Light therapy is easy and doesn't require much setup. You position the light box near where you will be sitting so that the light can reach your eyes. You don't want to stare directly at the light box for a prolonged period, just like you're not supposed to stare at the sun. However, it's essential that the light reaches your eyes.

All that is needed for treatment is to sit by the light box for 30 minutes to 90 minutes, depending upon the recommendation of your doctor. Your light box can be placed anywhere that is convenient for you to sit during that period of time, such as on your desk if you are studying or working. The distance between you and the lightbox is also important, so it should be placed nearby.

To rebalance your circadian rhythm, it's best to perform light therapy early in the morning, such as when you first wake up. If light therapy is engaged too late in the day, the stimulation can sometimes disrupt your ability to fall or stay asleep.

Precautions With Light Boxes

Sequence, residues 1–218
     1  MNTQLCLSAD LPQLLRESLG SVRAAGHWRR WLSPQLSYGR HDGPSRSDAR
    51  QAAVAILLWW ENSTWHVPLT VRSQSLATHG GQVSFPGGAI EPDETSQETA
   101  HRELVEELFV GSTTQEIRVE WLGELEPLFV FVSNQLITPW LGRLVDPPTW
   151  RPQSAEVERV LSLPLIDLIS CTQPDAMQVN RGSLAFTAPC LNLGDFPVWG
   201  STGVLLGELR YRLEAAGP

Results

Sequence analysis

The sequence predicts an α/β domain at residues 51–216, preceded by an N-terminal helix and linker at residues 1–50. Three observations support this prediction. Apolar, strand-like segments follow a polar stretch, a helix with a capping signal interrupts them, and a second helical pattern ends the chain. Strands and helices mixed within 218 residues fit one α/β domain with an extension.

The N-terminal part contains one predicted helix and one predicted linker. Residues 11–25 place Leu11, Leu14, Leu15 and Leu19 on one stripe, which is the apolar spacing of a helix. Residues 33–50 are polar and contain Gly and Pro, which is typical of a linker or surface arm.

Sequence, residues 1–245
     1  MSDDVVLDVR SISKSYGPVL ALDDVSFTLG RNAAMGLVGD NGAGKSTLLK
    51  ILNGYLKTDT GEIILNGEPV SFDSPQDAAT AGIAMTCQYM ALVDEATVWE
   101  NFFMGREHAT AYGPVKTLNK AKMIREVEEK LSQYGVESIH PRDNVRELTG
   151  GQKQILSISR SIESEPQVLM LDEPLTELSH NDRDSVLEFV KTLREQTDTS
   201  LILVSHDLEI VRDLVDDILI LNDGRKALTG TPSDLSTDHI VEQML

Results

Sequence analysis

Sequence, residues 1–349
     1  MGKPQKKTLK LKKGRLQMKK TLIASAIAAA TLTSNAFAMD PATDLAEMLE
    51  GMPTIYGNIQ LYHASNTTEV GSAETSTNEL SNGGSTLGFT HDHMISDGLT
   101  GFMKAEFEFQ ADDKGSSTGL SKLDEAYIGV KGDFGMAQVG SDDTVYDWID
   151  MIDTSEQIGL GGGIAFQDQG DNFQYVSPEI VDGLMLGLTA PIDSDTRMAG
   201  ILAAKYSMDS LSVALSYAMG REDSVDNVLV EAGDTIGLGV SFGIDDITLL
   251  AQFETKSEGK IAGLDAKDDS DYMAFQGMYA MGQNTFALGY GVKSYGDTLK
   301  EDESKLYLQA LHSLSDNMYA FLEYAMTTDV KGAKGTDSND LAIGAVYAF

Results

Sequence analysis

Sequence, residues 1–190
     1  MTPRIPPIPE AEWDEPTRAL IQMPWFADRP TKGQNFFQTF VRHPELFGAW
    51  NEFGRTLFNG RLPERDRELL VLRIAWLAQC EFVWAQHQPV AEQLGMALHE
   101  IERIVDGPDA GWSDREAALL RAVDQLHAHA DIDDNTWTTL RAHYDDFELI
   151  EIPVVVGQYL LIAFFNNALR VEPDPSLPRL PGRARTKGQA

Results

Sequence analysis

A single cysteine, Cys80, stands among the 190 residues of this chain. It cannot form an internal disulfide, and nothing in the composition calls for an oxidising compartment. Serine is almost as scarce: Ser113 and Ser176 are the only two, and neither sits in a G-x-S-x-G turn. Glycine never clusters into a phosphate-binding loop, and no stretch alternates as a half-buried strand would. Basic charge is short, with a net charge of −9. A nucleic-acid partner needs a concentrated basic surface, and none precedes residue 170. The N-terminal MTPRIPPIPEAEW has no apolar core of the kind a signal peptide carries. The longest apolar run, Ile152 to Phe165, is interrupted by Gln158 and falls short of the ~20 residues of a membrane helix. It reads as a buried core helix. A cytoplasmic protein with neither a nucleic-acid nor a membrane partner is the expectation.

Light boxes do not have many side effects, but there are still a few precautions to keep in mind. In certain individuals, the use of a light box may cause eye strain, headaches, or nausea. These side effects usually wear off after a few times using the light box, but if they persist, contact your doctor for advice.

Light therapy boxes are designed to filter out UV rays, so there is no need to be concerned about eye or skin damage, unlike with the sun's light.

If you've been diagnosed with bipolar disorder, you should use caution when employing a light therapy box. While light therapy has been used successfully in some instances to treat depressive episodes in bipolar disorder, too much stimulation can trigger a manic episode.

Psychotherapy For Depression